Joo Bang Lee: The public needs to understand that if someone says “hwa rang do,” they could very well be talking about the Hwarang disciples and not the martial art of hwa rang do. Without the benefit of seeing the Chinese characters for the terms, people often do not understand the Korean homophones. That’s why I tried using the spelling “hwarangdoes” to indicate the Hwarang disciples. As I mentioned earlier, the “rang do” were the soldier-disciples of the Hwarang generals. Thus, they could also be referred to as Hwarangdo, meaning Hwarang soldiers, followers or disciples. The martial art of hwa rang do is a completely different term. The later parts of this interview should clarify the confusion about this once and for all.
Black Belt: Getting back to the history …
Joo Bang Lee: In 1392, another Hwarang general, Yi Sung-gye, overthrew Koryo and established the Chosun kingdom, which is also known as the Yi (or Lee) dynasty. It lasted until 1910. It was during the Yi dynasty that the martial arts began their decline in popularity in Korea. Because King Taejong felt that the Hwarang bands were a potential menace to his supremacy and because he knew that Hwarang-trained generals overthrew two preceding kings, he declared that all Hwarang bands must fall under the direct control of the central government, stripping the local warlords of independent control. He then established Confucianism as the state religion.
Black Belt: What does the switch to Confucianism have to do with the growth of martial arts training?
Joo Bang Lee: This is important for all students of traditional Asian martial arts to understand. Buddhist monks were responsible for a lot of the development of the martial arts in East Asia. Just look at the Shaolin Temple in China. Taoists have their own self-defense methods as well. Confucianism also had a lot to do with the success of the Hwarang institution, but on a moral level. If you look at Won Kwang Beopsa’s Five Codes, you’ll notice that some of the rules of conduct have a decidedly Confucian message of filial piety, loyalty to the king and honor between friends. The last code is the only one with a decidedly Buddhist injunction against indiscriminate killing. The fourth code, which allowed no retreat in battle, imbued the Hwarang and their disciples with amazing courage and strength. However, orthodox Confucianism places a huge importance on academic learning and views the military with great disdain. In fact, Confucianism traditionally ranks people in society by four levels. In descending order of importance, they are scholars, peasants, artisans and merchants. Soldiers are not even considered part of society. So you can say that Confucianism really had a lot to do with the decline of the martial arts when it became a state doctrine.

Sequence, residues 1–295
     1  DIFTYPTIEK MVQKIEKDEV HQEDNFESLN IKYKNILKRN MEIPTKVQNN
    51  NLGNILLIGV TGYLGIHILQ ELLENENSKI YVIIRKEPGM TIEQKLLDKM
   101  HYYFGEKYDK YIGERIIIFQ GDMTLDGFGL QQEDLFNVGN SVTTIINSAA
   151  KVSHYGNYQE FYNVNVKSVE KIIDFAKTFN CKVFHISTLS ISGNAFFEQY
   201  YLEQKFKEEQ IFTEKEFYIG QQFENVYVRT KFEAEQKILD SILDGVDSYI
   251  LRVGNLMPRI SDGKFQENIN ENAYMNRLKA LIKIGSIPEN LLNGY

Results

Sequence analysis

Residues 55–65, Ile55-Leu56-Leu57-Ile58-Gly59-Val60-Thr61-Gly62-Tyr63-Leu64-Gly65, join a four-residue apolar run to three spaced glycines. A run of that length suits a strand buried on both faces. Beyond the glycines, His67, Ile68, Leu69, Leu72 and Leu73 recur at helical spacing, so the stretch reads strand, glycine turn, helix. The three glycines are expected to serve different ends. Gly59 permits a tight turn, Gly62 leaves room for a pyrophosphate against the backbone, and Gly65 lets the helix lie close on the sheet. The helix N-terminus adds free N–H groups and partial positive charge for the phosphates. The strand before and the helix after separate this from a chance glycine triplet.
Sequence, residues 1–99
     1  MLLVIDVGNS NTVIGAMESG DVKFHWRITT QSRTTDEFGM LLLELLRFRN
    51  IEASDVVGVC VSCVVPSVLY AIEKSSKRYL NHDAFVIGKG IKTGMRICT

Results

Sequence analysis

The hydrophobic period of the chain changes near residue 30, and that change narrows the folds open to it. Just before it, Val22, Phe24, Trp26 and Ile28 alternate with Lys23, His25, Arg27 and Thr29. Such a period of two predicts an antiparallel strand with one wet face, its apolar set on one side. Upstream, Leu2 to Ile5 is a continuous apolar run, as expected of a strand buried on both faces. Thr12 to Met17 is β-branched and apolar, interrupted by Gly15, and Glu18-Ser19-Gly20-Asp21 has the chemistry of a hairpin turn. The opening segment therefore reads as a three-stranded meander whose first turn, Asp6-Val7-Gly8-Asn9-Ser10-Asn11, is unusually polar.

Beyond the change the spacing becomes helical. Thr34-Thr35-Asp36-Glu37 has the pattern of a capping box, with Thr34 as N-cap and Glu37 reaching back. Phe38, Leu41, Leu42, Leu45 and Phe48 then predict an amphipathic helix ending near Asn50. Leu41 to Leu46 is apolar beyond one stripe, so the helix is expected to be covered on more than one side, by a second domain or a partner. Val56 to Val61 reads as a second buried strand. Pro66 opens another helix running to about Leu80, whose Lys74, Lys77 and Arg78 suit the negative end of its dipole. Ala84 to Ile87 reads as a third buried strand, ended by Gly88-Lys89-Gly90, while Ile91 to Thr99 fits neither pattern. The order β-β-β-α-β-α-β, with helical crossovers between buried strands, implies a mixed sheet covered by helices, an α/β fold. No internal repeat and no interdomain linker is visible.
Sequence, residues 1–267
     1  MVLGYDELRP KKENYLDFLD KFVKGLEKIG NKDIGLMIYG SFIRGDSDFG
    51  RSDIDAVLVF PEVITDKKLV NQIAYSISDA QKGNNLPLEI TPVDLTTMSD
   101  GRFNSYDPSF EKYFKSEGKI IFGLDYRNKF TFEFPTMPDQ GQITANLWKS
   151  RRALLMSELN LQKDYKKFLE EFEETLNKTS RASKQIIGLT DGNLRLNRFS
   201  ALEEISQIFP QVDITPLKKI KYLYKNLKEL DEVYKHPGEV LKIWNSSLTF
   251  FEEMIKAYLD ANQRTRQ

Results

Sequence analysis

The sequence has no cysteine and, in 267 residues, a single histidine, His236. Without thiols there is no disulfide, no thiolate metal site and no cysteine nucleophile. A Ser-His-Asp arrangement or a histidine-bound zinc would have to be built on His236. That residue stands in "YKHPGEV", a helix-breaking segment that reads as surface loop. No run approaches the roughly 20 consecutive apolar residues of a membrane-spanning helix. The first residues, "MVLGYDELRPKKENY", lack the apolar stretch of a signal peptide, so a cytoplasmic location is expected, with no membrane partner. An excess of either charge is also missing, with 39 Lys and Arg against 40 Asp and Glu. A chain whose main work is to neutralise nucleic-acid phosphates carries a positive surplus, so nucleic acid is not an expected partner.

Black Belt: What happened to those Hwarang who wouldn’t follow King Taejong’s decree?
Joo Bang Lee: This is when many of the Hwarang fled into the mountains and remote places of Korea. They lived their lives like wandering hermits, devoting themselves to spiritual study, passing on their vast knowledge of religion, combat skills and healing techniques to only a select few disciples instead of to the huge bands that they did before. King Taejong’s edict requiring all Hwarang generals to place their soldiers under the direct control of the king meant that the soldier-disciples were no longer ultimately loyal to the Hwarang master who trained and led them, but to the king. This created deep disgust in the heart of many Hwarang generals, causing them to leave society permanently. The Confucian-based government still maintained a combat-skills tradition to protect the country. It even compiled the textbook called Mu Yea Do Bo Tong Ji. However, the Hwarang combat skills continued to be passed on only in secret from master to disciple. As a result, the vast body of knowledge that the Hwarang had developed began slowly dying out. These masters would occasionally accept disciples, but whenever a master did not find a student who was worthy of receiving the Hwarang legacy, he simply kept his skills to himself. In many instances, they took their wisdom to the grave. A great deal of traditional Hwarang combat skill began to vanish. This signaled the beginning of the end of Korea’s golden age.